The Maxim gun was the first fully automated machine gun to be introduced into military service at the end of the 19th century. Gradually refined to become the Vickers 0.303in medium machine-gun, it was used widely by British and Commonwealth forces in both world wars. Operated by a three-man crew, it was popularly known as 'the Vickers'. Firearms expert and acclaimed author Martin Pegler, a former Senior Curator of Firearms at the Royal Armouries Museum, Leeds, describes the concept of an automated machine-gun and its potential use for land forces; its genesis, design, development and early trials; and the introduction by the UK military of the Vickers machine gun and its adoption for infantry, aircraft and armoured vehicles in the world wars of the 20th century.
This book describes in detail the camouflage and markings of the seaplanes used by the Finnish Air Force and by the Germans from Finnish bases from 1939 to 1945.
Aircraft of different countries of origin are shown in this profusely illustrated book, which includes many historical photographs and colour profiles showing the colours and markings carried by the aircraft. Detailed colour notes and precise descriptions and illustrations of national markings over the period complete a book that will be invaluable to aircraft enthusiasts, historians and aero modellers.
Solferino was the largest battle fought on Italian soil before the First World War, and the culmination of the 1859 campaign in northern Italy. Chiefly remembered today as the catalyst for Henri Dunant establishing the Red Cross, an up-to-date military account of the campaign is badly needed. In this tremendously detailed study the author, a lifelong student of the battle, reassesses the evidence based on an enormous amount of original archival research. Rather than relying on official reports and histories, which were often politically-driven, the author has gone back to the archives, and uncovered, for instance, the role played by cavalry and artillery during the campaign. Decision on the Mincio is supported by an array of illustrations, highly detailed maps and orders of battle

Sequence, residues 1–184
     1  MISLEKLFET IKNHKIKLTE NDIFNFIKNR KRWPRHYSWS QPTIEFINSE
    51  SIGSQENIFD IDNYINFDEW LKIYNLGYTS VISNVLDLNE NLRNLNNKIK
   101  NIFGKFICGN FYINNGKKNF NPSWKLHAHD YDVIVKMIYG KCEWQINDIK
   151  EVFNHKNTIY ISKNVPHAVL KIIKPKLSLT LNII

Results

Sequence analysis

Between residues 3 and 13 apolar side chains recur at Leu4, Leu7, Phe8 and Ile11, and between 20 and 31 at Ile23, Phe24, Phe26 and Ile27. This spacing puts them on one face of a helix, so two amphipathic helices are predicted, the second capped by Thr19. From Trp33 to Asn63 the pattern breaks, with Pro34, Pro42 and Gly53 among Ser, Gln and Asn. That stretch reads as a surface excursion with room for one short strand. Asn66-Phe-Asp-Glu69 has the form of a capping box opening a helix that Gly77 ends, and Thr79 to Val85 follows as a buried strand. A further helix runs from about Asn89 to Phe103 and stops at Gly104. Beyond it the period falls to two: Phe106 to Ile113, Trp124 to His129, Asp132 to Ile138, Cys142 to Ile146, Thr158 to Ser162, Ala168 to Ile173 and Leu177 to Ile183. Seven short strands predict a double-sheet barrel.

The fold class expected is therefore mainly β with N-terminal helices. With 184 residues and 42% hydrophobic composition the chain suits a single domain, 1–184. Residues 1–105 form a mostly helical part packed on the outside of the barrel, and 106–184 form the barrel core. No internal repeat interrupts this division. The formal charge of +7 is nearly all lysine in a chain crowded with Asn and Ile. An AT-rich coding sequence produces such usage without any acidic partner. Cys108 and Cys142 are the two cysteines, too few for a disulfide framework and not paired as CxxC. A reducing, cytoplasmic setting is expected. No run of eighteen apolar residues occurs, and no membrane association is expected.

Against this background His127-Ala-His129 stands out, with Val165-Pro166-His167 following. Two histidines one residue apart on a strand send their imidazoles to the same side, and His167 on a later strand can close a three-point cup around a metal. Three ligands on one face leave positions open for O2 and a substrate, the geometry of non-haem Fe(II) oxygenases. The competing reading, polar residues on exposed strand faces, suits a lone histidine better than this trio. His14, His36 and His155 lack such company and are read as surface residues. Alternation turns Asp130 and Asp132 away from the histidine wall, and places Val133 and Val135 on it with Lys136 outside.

By 1982, the backbone of the Argentine combat aviation, both on the Air Force and the Navy, was formed by three batches of Douglas A-4 Skyhawks, with the A-4B and C of the Air Force and the A-4Qs of the Navy. Despite their age, being a model almost 30 years old at the time of the war, and lacking protection, they took on the overwhelming struggle to fight the British Task Force that opposed the Argentine forces on the Malvinas/Falkland Islands.
The Skyhawks were responsible for inflicting the greatest damage upon the Royal Navy, sinking HMS Coventry, Ardent, Antelope, the RFA Sir Gallahad, and LCU F-4, while damaging many other ships and striking ground targets. They also suffered heavy losses, with 10 A-4Bs, 9 A-4Cs and three A-4Qs lost in combat, with eighteen pilots being killed.
The experience of the Skyhawk during the war was another addition to the legend the model had become over the skies of Vietnam and Israel. Despite many reports to the contrary, at the time of writing the Argentine Air Force still operates modernised A-4ARs and OA-4Ars, and is one of the last two military operators of the Skyhawk in the world.
This book describes in detail the camouflage and markings of the day fighters used by the Yugoslav Air Force from 1918 to 1941.
Aircraft of Yugoslav, British, German, Czech and French origin are shown in many historical photographs and colour profiles showing the colours and markings carried by the aircraft.
Detailed colour notes and precise description and illustration of national markings over the period complete a book that will be invaluable to aircraft enthusiasts, historians and modellers.
With the outbreak of the Hussite Revolution in 1419, Bohemia found itself opposed by a superior force of European crusader armies. German knighthood was experiencing its last heyday. But the Bohemian heretics' army, under the leadership of energetic commanders like Jan Zizka, developed tactics with which they won one battle after another. The employment of the defensive Wagenburg ("wagon castle") and intensive use of the first cannon as field artillery brought them many successes.
The Hussites were the first soldiers since Roman times to employ all the available branches in coordination on the battlefield. This book highlights not just the history of the conflicts, but also the weapons and military branches, organization and tactics of the Hussite armies.